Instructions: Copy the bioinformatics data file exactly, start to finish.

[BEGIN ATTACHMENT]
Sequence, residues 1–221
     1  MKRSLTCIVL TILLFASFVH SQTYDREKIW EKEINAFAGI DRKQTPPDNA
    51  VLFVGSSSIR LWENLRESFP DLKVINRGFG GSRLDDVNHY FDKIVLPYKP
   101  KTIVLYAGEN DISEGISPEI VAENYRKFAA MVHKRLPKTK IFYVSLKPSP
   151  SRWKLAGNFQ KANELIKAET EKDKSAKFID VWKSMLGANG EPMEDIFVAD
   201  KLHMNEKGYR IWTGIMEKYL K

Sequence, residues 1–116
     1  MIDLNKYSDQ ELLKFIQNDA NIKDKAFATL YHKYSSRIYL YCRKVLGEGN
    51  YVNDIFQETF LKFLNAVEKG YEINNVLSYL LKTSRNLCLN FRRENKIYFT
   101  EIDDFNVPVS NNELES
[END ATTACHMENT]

Sequence, residues 1–221
     1  MKRSLTCIVL TILLFASFVH SQTYDREKIW EKEINAFAGI DRKQTPPDNA
    51  VLFVGSSSIR LWENLRESFP DLKVINRGFG GSRLDDVNHY FDKIVLPYKP
   101  KTIVLYAGEN DISEGISPEI VAENYRKFAA MVHKRLPKTK IFYVSLKPSP
   151  SRWKLAGNFQ KANELIKAET EKDKSAKFID VWKSMLGANG EPMEDIFVAD
   201  KLHMNEKGYR IWTGIMEKYL K

Sequence, residues 1–116
     1  MIDLNKYSDQ ELLKFIQNDA NIKDKAFATL YHKYSSRIYL YCRKVLGEGN
    51  YVNDIFQETF LKFLNAVEKG YEINNVLSYL LKTSRNLCLN FRRENKIYFT
   101  EIDDFNVPVS NNELES